Return to their roots-- Attorneys join faculty of alma mater

By Mike Scott

Legal News

Two of the new full-time professors at the University of Detroit Mercy School of Law have long wanted to teach at their alma mater. And they both have realized the goal this semester.

Sheldon Stark, most recently the director of Specialty Programs for the Institute of Continuing Legal Education (ICLE), and Joseph Pia, a shareholder in the tax department of Hyman Lippitt in Birmingham, both are now part of the UDM Law staff. Along with Troy Harris, an international commercial dispute resolution expert most recently with the firm of King & Spalding in Atlanta, they comprise the new full-time faculty members at UDM this fall.

Stark joined the UDM Law faculty as a distinguished visiting professor. He is teaching Pre-Trial Litigation Skills in both the fall and winter semesters and Employment Discrimination in the winter term.

He graduated from the UDM School of Law in 1973, moving on to become partner in the firm Stark & Gordon from 1977-99, where he specialized in employment discrimination, wrongful discharge, civil rights, and personal injury work.

In 1999, Stark joined ICLE as education director, later becoming director of Specialty Programs. He received the Bernard Gottfried Bill of Rights Day Award in December 1999 and the Distinguished Service Award from the Labor and Employment Law Section of the State Bar of Michigan in 2009. He was the 2010 recipient of the Michael Franck Award presented by the Representative Assembly of the State Bar of Michigan.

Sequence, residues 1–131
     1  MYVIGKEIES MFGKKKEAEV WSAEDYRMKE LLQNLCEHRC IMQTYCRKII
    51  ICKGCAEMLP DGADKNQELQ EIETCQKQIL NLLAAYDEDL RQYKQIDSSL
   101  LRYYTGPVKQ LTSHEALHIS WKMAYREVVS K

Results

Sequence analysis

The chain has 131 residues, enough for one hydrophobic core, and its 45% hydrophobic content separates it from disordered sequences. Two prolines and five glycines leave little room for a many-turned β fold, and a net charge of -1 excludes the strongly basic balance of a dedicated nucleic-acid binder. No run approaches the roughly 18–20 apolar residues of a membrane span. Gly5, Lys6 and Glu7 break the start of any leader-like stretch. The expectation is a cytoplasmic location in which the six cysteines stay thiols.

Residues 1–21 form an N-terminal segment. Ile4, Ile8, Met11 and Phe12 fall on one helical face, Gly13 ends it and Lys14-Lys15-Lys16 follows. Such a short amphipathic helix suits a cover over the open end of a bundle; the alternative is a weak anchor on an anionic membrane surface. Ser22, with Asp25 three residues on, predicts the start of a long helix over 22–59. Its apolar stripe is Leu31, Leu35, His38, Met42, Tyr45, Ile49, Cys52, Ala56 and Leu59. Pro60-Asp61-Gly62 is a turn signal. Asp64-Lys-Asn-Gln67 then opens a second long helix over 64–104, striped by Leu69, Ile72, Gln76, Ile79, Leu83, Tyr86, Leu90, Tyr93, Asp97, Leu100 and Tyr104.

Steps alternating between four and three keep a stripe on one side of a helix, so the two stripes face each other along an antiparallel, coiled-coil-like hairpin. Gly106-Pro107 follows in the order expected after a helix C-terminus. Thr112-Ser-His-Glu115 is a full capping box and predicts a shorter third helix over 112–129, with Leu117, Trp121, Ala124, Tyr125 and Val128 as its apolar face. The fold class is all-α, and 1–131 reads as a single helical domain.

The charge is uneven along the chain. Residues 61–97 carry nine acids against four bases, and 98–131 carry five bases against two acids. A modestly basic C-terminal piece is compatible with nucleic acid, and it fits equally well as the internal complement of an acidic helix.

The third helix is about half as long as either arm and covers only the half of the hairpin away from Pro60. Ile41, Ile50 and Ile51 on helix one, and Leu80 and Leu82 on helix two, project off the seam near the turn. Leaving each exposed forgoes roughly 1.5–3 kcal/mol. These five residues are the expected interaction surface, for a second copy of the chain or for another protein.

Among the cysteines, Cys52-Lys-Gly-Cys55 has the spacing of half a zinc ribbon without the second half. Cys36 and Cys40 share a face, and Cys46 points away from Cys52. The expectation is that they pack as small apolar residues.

Stark has always wanted to teach law school going back to his practicing days and time at the ICLE. There he served as the director of Specialty Programs where he was largely responsible for developing courses for practicing lawyers to help them succeed in their jobs.

His interest in joining the UDM faculty was further piqued by his daughter Molly, who recently graduated second in her class at UDM School of Law and is now practicing with a private firm in New York City.

"When Molly was in law school, I did some presentations at some of her classes and I got to know the dean and many of the professors there," Stark said. "That's when my interest was really rekindled. Although now that I am back teaching I have been told that I have a lot to live up to because of Molly's success. I can tell you I don't mind being known as her father."

Once Stark retired from ICLE he considered offers from both UDM Law and Wayne State University Law School. But the UDM opportunity appealed to him for several reasons. First, Stark earned his law degree from UDM and secondly, the courses that he will teach fit in line with his background and schedule.

His role at UDM Law will allow Stark to pursue two other passions. One is the opportunity to provide a range of mediation services to his own clients. The other is to work with the ACLU of Michigan. He is running for the position of vice president on the executive committee this fall, and he hopes to work with the state chapter to develop strategies that increase the effectiveness and impact it has on Michigan residents.

"I really have some very good memories and enjoyed my time in law school," Stark said. "That may sound interesting and unusual. Once I became a litigator, I wanted to have an impact on how young lawyers develop their skills and see their role. And it allows me to help them to understand how to practice law with such features as honest, civility, and professionalism."